The short answer to why the exponential function appears so frequently in formulas is the desire to perform calculus; the function makes calculating the rate of change and the integrals of exponential functions easier.
The exponential function appears in numerous math and physics formulas. For example, it appears in the formula for population growth, the normal distribution and Euler’s Formula. Notably, the applications of the function are over continuous intervals.
The formula for population growth is a straightforward application of the function. Given an initial population size and a growth rate constant , the formula returns the population size after some time has elapsed.
Expression  Description 

The population at time .  
The initial population, sometimes modeled as so the formula returns the percentage of growth.  
Shorthand for the exponential function.  
The relative growth rate constant. If , the population is exponentially growing, if the population stays the same, and if the population is decaying or decreasing.  
The time elapsed. 
Note, that the population formula does not explicitly have to use the exponential function. For example, the same exponential growth curve can be defined in the form or as another exponential expression with a different base. By using the exponential function, the formula inherits a bunch of useful properties that make performing calculus a lot easier.
For example, say we have modeled a population with a relative growth rate constant of and for simplicity’s sake let’s say the initial population is . This gives a function, shown below, that returns the population at some time .
Because the population is modeled using the exponential function, we can easily calculate the rate of change of the population by taking the derivative, with respect to time, of the function. This is shown below.
The derivative is calculated by applying the derivative property from above and using the chain rule. This gives us the derivative below which models the change with respect to time of the population.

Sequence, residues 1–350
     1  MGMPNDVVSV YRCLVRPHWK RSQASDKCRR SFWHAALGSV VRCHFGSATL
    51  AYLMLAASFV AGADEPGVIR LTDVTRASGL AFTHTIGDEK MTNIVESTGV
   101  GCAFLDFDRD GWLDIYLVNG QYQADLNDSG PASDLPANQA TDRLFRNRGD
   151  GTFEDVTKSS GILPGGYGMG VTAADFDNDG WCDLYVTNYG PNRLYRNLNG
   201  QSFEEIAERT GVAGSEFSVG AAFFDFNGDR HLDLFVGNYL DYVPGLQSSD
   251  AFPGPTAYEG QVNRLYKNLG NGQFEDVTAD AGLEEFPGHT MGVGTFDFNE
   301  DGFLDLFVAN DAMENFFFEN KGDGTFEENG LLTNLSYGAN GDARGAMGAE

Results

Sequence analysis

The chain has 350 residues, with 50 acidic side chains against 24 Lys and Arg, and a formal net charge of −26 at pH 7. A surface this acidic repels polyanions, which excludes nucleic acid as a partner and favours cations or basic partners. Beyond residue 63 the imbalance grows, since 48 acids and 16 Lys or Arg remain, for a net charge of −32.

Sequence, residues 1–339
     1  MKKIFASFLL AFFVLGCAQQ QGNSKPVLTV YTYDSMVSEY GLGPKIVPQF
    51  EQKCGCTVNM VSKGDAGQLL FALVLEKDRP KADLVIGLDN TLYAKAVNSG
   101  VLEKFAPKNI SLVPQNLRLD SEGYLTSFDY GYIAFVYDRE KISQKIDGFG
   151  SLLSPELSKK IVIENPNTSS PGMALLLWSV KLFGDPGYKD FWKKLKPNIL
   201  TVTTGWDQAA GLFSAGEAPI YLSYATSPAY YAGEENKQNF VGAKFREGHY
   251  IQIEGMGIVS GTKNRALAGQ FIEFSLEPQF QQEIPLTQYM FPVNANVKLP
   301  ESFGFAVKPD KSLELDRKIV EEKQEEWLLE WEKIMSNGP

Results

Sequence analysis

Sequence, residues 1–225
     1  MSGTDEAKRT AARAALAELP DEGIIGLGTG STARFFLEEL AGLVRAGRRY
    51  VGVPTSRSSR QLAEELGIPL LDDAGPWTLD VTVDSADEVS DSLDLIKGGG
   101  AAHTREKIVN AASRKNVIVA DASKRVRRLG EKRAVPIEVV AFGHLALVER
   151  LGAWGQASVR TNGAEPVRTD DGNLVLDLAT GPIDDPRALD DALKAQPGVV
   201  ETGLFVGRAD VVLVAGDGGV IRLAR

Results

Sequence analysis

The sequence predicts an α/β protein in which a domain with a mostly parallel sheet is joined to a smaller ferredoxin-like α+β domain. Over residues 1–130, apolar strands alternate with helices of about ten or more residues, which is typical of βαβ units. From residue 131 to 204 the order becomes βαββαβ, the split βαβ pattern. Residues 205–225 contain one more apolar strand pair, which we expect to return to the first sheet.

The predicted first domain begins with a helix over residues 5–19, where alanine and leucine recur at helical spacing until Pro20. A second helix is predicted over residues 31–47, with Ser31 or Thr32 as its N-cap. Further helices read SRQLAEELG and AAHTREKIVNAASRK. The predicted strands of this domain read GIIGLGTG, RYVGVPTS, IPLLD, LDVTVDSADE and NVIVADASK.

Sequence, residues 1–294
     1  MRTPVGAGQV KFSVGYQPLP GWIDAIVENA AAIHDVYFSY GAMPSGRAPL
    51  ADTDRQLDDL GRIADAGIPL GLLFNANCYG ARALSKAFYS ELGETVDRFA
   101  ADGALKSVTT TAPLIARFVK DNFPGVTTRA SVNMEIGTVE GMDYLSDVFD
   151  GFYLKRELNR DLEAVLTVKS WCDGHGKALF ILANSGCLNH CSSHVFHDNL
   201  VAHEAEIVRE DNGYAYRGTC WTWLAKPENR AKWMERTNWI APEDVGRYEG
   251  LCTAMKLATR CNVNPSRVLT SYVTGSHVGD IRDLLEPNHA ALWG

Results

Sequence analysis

In addition to Real Number input, the exponential function also accepts complex numbers as input. For applications of complex numbers, the function models rotation and cyclic type patterns in the twodimensional plane referred to as the complex plane.
The exponential function appears in what is perhaps the most notorious math formula: Euler’s Formula. The formula takes in an angle as input and returns a complex number that represents a point on the unit circle in the complex plane that corresponds to the angle. The definition of Euler’s formula is shown below.
The output of Euler’s formula can be visualized as a point on the unit circle in the complex plane as shown in the figure below.
See Euler’s Formula page for why the exponential function appears and how it relates to the trigonometric functions sine and cosine.

Derive Definition of Exponential Function (Euler's Number) from Compound Interest Example

Derive Definition of Exponential Function (Power Series) from Compound Interest Example

Derive Definition of Exponential Function (Taylor Series) Example

Verify Exponential Function Properties Example